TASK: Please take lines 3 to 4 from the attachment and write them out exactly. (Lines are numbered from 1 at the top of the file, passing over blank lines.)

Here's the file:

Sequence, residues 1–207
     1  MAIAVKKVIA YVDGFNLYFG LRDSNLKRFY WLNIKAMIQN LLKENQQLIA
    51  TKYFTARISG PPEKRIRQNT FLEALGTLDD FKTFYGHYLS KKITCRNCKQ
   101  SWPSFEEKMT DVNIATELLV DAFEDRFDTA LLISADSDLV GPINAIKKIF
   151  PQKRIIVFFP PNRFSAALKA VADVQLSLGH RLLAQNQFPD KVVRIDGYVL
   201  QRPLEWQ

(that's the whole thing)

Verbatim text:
    51  TKYFTARISG PPEKRIRQNT FLEALGTLDD FKTFYGHYLS KKITCRNCKQ
   101  SWPSFEEKMT DVNIATELLV DAFEDRFDTA LLISADSDLV GPINAIKKIF